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Michelle Arruda's Books of Love is photographed in Toronto on Feb., 7, 2020.

Christopher Katsarov/(Christopher Katsarov/The Globe

Love is a many splendoured thing – and so, it follows, is the literature it inspires. Whether you’re still swooning from a Valentine’s Day full of hearts and flowers or smugly boycotting the entire thing, this is your invitation to fall into the tender embrace of prose with this crop of reads that speaks to the heart – no greeting-card-manufactured holiday required. Whether your love language is frothy romcom, meditations on complicated attachments or odes to bonds beyond romance, may Cupid strike you with his arrow even if only with the love of a good book.

How To Be Second Best by Jessica Dettmann (HarperCollins)

If you think your domestic situation is dysfunctional, spare a thought for Emma: When she was pregnant with her daughter, her husband was busy knocking up his Pilates instructor. Fast-forward a few years, and people-pleasing-perfectionist Emma has emerged from the fog of divorce/tiny-child-rearing to reclaim her life – starting with reconnecting with an old flame who turns up out of the blue. Told with biting Aussie humour and a devastating eye for the foibles of middle-class Sydney, this is the story of the unexpected love Emma finds when she decides to stop being, well, second best.

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Love, Unscripted by Owen Nicholls (HarperCollins)

Can real-world love ever quite equal the epic romances of the movies? It’s a question broken-hearted film projectionist Nick tackles after his own fairy tale (he and Ellie met the night Obama was elected, for Barack’s sake!) falls apart in a thoroughly non-Hollywood way. A bittersweet, searching comedy with strong echoes of Nick Hornby’s 1990s classic High Fidelity, it’s as much a love letter to film as it is to life off the silver screen – written by a Brit who once worked at the Toronto International Film Festival and read scripts for a Canadian artist-management firm.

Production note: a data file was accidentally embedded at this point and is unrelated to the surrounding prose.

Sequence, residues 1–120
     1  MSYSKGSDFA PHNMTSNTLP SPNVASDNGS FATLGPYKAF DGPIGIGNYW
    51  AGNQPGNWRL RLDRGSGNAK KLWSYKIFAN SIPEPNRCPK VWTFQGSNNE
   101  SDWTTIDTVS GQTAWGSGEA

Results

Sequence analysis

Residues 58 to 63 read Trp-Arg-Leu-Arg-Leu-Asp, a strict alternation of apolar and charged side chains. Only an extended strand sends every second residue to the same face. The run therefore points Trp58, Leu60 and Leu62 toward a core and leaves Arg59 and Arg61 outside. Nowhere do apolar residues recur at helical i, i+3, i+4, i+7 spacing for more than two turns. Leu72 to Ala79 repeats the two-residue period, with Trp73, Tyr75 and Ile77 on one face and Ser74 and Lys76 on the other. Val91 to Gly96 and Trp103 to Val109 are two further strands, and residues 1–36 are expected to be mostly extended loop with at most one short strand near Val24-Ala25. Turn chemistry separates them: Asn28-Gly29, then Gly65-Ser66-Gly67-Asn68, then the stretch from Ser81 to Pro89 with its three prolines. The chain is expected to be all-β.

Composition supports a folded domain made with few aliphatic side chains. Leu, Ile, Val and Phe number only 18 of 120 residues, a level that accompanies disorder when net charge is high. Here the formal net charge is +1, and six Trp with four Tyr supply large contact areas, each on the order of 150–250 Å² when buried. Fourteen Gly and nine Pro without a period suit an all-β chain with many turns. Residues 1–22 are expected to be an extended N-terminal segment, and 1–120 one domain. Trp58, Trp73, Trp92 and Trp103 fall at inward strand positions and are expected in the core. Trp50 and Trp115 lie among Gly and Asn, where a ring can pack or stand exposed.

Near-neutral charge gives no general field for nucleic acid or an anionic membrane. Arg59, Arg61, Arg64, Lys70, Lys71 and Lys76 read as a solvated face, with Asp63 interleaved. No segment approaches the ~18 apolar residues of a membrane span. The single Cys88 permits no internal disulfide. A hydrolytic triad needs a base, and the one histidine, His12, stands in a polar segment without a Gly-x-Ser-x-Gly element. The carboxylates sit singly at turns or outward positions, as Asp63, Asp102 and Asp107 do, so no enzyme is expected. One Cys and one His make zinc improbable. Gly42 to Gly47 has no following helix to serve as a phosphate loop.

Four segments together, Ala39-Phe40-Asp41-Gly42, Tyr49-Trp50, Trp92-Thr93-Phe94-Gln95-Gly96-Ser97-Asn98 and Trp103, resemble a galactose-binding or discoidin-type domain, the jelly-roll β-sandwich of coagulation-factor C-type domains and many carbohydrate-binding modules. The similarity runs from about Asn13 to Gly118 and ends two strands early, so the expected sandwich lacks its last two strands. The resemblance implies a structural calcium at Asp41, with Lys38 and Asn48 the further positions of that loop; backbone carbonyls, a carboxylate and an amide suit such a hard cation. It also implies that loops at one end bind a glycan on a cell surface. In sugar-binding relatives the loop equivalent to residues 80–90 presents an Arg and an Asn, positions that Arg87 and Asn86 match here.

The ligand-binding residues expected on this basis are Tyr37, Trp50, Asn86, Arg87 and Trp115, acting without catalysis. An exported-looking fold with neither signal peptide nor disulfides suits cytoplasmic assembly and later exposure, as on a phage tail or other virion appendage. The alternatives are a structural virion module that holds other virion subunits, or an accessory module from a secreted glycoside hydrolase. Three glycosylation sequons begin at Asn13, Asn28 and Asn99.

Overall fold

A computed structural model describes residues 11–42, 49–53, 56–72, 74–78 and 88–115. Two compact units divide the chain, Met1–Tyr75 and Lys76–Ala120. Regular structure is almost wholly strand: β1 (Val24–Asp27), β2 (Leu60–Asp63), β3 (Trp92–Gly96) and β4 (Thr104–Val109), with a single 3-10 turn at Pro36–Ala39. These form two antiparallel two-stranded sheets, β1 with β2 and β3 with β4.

Writers & Lovers by Lily King (HarperCollins)

There are two men in Casey Peabody’s life – a widowed novelist and a charming but hopeless guy from her writing workshop – but only one great love: her dream of a creative life. It is, for the moment, an unrequited love. A former child golf prodigy, Casey is 31, waiting tables, trying to write a novel and reeling from the death of her mother. Set in the summer of 1997, this is a devastatingly clever, lyrically written story about passion, grief and growing up – perhaps the greatest heartbreak of them all.

The Upside of Falling by Alex Light (HarperCollins)

Becca is a 17-year-old with the cynicism of a 57-year-old thrice divorcee. Brett’s the captain of the football team who’s been too busy to date. If you guessed they pose as a couple for, like, high-school reasons, you’re right. Typical scenario, yes, but there’s something about this feel-good young adult love story (written by a Torontonian who got her start on the online writing community Wattpad) that both feels fresh and reminds you why certain tropes are classics for a reason.

In Five Years by Rebecca Serle (Atria Books/Simon & Schuster)

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Where do you see yourself in five years? Rebecca Serle took that dreaded job interview question and turned into the intriguing premise for one of the spring’s buzziest novels. When driven lawyer Dannie goes to bed one night, she’s just accepted her boyfriend’s proposal and is poised to get her dream job. When she wakes up the next morning, it’s five years later – and she’s living a completely different life with a completely different man. To find out what happens next, of course, you’ll need to read this juicy thought-provoker yourself.

The Authenticity Project by Clare Pooley (Penguin Random House)

If this heartwarmer has a main character, it’s a humble green notebook. Left in a café by a lonely, old man (after he’s filled some of its pages with a brutally honest account of his life), it is written in by a cast of characters, each sharing the hopes, dreams, disappointments and secrets they’ve never confessed anywhere else. A ragtag group, they eventually find each other – a sort of epistolary Love, Actually that feels like an antidote to the isolation of modern life.

19 Love Songs by David Levitha (Penguin Random House)

Like bite-sized Hershey’s Kisses, each one of the short stories and poems in this lovely volume is a sweet, delectable taste of great writing, all centred around love. Fans of Levithan’s other YA novels will recognize characters from Two Boys Kissing, Boy Meets Boy and Every Day while those new to his work will find equal delight in these joyful tales, touching on everything from discovering your love is a secret Swiftie to falling in love over the course of a snow day.

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